A recent article in the New England Journal of Medicine provided further evidence for what healthcare experts have proclaimed for years: a traditional Mediterranean diet is beneficial in reducing your risk of heart disease. And that’s not all! This dietary pattern is also linked to a lower risk of cancer, Parkinson's disease, obesity, diabetes, dementia and Alzheimer's disease. Fortunately, you don’t have to live in the Mediterranean to enjoy the benefits; you can incorporate small changes for an overall healthier pattern of eating.
Olive oil is the primary fat in Mediterranean cuisine and contains healthful monounsaturated fat. Use extra virgin oil for its rich color and flavor. Its moderately high smoke point makes it ideal for sautéing (but not frying), or it can be used as a bread dip or salad dressing. Be sure to use it in place of other fats, not in addition, as its calories still add up.
Fruits and vegetables are abundant in this pattern of eating, appearing at almost every meal and snack. They don’t have to be boring! Include a variety of colors, shapes, and textures, experimenting with a new one each week. With vegetables, vary your cooking style (grill, roast or sauté) and spices. Set yourself up for success by washing and slicing vegetables for snacks, keeping fruit where you can see it, and packing them into lunches and snacks the night before school or work.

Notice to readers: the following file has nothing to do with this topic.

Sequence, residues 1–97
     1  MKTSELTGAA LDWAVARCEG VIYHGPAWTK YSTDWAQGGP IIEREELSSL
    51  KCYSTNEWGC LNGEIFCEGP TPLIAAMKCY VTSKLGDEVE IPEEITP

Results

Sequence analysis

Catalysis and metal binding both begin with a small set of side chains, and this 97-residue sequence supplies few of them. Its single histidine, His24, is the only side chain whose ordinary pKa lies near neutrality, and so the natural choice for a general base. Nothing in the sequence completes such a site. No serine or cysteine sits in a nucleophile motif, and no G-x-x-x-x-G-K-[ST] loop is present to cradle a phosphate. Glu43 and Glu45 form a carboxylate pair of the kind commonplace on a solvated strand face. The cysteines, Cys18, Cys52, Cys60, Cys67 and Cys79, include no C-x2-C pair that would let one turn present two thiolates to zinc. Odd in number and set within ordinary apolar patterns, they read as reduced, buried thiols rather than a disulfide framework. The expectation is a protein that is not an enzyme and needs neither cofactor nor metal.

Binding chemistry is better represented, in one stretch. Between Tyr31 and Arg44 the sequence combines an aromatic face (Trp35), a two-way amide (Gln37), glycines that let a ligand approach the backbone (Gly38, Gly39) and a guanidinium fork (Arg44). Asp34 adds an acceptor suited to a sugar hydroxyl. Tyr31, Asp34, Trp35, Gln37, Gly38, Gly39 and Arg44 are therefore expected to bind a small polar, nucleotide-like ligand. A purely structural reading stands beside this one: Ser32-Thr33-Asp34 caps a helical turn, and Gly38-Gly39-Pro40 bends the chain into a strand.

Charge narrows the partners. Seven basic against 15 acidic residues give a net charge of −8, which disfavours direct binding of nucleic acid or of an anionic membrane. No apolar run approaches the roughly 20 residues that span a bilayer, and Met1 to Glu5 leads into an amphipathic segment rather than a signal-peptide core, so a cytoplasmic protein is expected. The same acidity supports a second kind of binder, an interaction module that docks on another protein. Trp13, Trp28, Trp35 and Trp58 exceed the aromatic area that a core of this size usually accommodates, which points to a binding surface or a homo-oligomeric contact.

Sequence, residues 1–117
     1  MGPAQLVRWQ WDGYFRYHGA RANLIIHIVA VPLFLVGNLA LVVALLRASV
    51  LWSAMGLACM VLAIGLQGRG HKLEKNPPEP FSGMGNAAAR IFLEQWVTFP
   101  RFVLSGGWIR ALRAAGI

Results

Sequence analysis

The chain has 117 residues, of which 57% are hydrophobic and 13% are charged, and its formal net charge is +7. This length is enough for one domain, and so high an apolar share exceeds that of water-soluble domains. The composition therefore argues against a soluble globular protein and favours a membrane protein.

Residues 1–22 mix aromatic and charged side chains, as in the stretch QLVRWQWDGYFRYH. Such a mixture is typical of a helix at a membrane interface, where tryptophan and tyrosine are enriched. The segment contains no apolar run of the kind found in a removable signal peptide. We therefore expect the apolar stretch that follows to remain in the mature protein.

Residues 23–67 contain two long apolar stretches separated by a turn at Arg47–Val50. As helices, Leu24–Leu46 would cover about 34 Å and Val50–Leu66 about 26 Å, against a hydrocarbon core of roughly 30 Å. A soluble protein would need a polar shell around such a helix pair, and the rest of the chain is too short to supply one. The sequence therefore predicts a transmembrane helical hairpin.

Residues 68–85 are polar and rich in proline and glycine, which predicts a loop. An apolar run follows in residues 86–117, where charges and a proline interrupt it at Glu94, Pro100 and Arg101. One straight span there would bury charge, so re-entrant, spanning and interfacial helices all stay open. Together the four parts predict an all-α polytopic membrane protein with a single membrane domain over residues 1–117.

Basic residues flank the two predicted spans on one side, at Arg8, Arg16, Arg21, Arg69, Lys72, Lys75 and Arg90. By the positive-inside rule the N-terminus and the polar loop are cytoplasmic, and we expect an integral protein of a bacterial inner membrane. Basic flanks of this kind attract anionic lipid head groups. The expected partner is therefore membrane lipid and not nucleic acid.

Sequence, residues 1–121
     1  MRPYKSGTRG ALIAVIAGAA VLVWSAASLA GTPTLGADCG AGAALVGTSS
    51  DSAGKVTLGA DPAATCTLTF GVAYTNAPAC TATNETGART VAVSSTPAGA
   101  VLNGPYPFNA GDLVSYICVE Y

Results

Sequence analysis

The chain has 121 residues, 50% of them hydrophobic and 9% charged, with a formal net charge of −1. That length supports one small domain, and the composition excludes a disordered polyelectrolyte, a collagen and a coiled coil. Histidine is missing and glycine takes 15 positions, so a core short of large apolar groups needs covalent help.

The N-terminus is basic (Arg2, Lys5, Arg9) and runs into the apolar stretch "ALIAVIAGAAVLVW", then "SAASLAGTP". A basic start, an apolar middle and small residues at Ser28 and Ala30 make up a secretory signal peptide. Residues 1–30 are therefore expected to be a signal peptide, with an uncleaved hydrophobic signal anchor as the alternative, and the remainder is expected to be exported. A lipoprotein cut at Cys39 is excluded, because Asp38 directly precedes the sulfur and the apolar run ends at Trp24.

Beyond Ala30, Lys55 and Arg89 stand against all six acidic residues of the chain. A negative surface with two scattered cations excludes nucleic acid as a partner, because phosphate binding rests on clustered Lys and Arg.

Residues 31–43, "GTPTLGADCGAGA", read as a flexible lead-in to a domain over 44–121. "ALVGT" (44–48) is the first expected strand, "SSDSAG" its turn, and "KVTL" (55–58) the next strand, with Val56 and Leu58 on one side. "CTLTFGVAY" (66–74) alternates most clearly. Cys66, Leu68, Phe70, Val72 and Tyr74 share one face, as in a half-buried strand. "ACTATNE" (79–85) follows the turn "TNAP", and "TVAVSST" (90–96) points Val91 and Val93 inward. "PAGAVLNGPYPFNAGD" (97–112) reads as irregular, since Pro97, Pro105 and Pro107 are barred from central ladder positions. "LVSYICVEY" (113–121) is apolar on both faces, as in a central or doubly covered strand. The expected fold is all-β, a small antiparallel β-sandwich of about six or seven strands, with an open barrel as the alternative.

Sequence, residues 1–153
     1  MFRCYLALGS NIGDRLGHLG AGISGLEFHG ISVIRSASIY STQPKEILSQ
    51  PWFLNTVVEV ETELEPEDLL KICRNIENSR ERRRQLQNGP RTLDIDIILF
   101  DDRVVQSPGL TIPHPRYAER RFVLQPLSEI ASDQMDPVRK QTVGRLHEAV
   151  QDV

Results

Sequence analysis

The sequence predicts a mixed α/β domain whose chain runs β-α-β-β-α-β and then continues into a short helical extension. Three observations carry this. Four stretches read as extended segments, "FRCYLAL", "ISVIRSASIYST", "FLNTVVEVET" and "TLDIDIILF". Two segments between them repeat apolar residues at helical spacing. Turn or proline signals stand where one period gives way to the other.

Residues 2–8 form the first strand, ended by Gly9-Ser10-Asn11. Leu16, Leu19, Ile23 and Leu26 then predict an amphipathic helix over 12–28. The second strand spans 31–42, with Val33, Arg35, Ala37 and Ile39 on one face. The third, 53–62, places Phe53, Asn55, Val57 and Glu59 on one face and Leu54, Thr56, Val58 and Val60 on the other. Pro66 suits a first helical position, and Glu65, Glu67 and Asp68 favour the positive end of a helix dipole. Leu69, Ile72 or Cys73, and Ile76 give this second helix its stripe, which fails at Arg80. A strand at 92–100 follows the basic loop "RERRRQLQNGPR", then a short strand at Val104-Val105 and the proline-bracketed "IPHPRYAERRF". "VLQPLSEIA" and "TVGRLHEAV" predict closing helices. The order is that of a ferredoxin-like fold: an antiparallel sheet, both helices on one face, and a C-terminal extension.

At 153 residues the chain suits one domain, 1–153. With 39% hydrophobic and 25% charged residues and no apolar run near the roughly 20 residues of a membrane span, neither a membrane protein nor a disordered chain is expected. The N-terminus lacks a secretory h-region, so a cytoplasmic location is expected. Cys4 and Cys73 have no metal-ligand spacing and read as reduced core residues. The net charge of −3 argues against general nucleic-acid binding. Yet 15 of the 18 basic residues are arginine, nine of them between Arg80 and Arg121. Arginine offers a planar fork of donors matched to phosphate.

Fish is much more common than red meat or processed meat (such as sausage). If fish fillets don’t interest you, be creative so the flavor isn’t overwhelming. You will often find my family preparing fish tacos with vegetables, layering smoked fish with light cream cheese on a bagel, simmering clams and calamari with tomato sauce, or grilling salmon in foil with sweet potatoes.
Legumes are plentiful in the Mediterranean eating pattern, and no wonder – they are high in fiber and protein, and satisfying enough to take the place of meat. Try garbanzo beans in a green salad or toss cannellini beans with pasta.
Nuts such as walnuts, almonds, and hazelnuts are popular in the Mediterranean region. Although high in fat, they contain good fats that promote heart health, and small portions can be enjoyed on a regular basis. Try mixing them with dried fruit for a snack, with oats for breakfast, and with vegetables in a stir-fry.
Red wine is a traditional component of many meals, and has been linked to improved circulation and heart health. More is not better, though; limit your intake to one serving daily and if you don’t drink, health experts don’t recommend you start. Instead, try 4 ounces of red or purple grape juice, which is also beneficial.
The nutrient-rich foods in a Mediterranean-style diet are multicolored, flavorful, and easy to add to your day. Think in terms of what you can have, not what you should eliminate, and try one change each week. If you want to live a longer, healthier life, now is a good time to try incorporating easy Mediterranean habits into your diet!
As seen in the Fort Collins Coloradoan
Melissa Wdowik, PhD, RDN, LDN, FAND
is a nutrition educator with over 20 years experience as a college professor, nutrition coach, presenter and writer, as well as a nutrition consultant and founding director of the Kendall Reagan Nutrition Center.